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3 Key Considerations to Design Learner-Centric eLearning Courses

There’s no doubt about it. Today’s L&D space is going through a revolution due to globalization and the ever changing business scenario. Also, in the wake of the pandemic, corporate training is making a conscious shift from classrooms to eLearning to ensure continuous training. Considering its key benefits – self-paced learning, and anytime, anywhere accessibility – it’s no wonder eLearning is becoming a hot favorite of training managers.

However, like everything else that’s good, eLearning too, has its own challenges. Compensating for the physical trainer and offering courses that hold learners’ attention throughout, require well-thought-out action plans.

Are your eLearning courses learner-centric? What are the key factors that can help you build an engaging and immersive eLearning course? Well, let’s get into the brass tacks.

Explore the role of instructional design in crafting learner-centric courses.

Key Considerations for Effective eLearning Solutions

For your eLearning solutions to be effective, they need to be all about the learner. They need to be learner-centric. There are three important factors that you can identify when you put yourself in the learners’ shoes, that can help you design learner-centric eLearning solutions.

1. Course Duration

One of the primary concerns around eLearning is its duration. It has implications for the learner as well as the organization. From the learners’ point of view, they want courses that are short and engaging. (We also don’t want learners falling asleep during the course.) From the organization’s point of view, the cost of training and the time employees spend on training away from work are crucial considerations.

So, what impacts the seat time of your eLearning course? Well, here are some factors that will help you arrive at a fair estimate:

Volume of content (the number of words): A general rule of thumb is 125 words per minute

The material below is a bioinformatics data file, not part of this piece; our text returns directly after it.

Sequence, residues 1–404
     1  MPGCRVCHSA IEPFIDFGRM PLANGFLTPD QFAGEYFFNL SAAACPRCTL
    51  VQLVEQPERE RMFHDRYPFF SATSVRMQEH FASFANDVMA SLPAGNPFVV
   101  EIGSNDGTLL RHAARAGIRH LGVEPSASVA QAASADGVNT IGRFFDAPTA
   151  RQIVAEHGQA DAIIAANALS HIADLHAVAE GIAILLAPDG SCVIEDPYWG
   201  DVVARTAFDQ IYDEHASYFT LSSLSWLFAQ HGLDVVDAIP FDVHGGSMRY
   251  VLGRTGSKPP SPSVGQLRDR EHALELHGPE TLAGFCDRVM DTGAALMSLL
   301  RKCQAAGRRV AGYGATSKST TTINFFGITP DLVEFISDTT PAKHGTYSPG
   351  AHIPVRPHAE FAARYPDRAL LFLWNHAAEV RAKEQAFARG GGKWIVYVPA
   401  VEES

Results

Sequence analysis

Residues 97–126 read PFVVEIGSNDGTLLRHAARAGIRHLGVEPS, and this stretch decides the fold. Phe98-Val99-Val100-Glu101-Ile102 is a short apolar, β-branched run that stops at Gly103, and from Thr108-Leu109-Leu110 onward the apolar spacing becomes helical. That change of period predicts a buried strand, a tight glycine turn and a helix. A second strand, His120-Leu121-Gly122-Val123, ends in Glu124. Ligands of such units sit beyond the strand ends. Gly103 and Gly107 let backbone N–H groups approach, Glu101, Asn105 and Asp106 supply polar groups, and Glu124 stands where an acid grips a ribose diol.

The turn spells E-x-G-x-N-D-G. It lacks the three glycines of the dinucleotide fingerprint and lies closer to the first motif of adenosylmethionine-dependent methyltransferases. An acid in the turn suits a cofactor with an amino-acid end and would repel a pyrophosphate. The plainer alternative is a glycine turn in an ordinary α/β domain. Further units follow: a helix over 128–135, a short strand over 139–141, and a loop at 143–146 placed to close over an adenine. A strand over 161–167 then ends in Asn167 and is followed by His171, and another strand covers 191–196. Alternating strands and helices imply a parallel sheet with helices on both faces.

Presentation of on-screen text: Content in the form of bullets and infographics is easy to go through and takes less time compared to reading long paragraphs

Nice-to-know content: Sometimes need-to-know content (that is on-screen) is backed by additional nice-to-know information provided in the form of links, pop-ups, and hotspots. Though it is only the ‘not so important’ nice-to-know content, it does eat into learners’ time. However, it doesn’t affect the business in terms of development costs.

Audio narration: Learners tend to read faster than the narrator in the audio. But the seat time for the page is defined by the time for narration.

Type of Activities: Interactivities that test standard knowledge recall take less time than those that aim to test learners’ critical thinking abilities, say simulations or scenario-based activities.

Familiarity with the medium: Learners who are well acquainted with online learning take less time to complete the course when compared to first-time adopters to eLearning.


Here’s a rough thumb rule when converting your classroom training material to eLearning:

  • 8 hours of ILT (Instructor-led Training) will mean 2 to 2.5 hours of eLearning
  • A 20 slide PPT deck can be developed into 20-30 minutes of eLearning

2. Instructional Design

Instructional design plays an important role in designing effective eLearning courses that maximize learning. In addition to following adult learning principles, instructional design also includes:

Performance-based Learning Objectives